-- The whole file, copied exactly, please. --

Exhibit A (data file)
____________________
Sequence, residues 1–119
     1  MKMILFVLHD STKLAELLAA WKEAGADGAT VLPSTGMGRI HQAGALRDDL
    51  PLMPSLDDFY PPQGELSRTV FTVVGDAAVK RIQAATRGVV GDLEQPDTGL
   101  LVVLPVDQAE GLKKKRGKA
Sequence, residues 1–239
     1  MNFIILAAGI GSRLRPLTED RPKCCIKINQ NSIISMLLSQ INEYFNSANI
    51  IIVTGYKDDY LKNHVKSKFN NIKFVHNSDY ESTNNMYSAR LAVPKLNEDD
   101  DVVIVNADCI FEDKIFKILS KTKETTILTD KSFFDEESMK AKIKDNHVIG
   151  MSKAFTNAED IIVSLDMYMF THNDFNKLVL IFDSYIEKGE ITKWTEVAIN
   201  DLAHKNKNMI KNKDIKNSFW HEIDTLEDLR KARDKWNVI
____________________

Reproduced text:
Sequence, residues 1–119
     1  MKMILFVLHD STKLAELLAA WKEAGADGAT VLPSTGMGRI HQAGALRDDL
    51  PLMPSLDDFY PPQGELSRTV FTVVGDAAVK RIQAATRGVV GDLEQPDTGL
   101  LVVLPVDQAE GLKKKRGKA
Sequence, residues 1–239
     1  MNFIILAAGI GSRLRPLTED RPKCCIKINQ NSIISMLLSQ INEYFNSANI
    51  IIVTGYKDDY LKNHVKSKFN NIKFVHNSDY ESTNNMYSAR LAVPKLNEDD
   101  DVVIVNADCI FEDKIFKILS KTKETTILTD KSFFDEESMK AKIKDNHVIG
   151  MSKAFTNAED IIVSLDMYMF THNDFNKLVL IFDSYIEKGE ITKWTEVAIN
   201  DLAHKNKNMI KNKDIKNSFW HEIDTLEDLR KARDKWNVI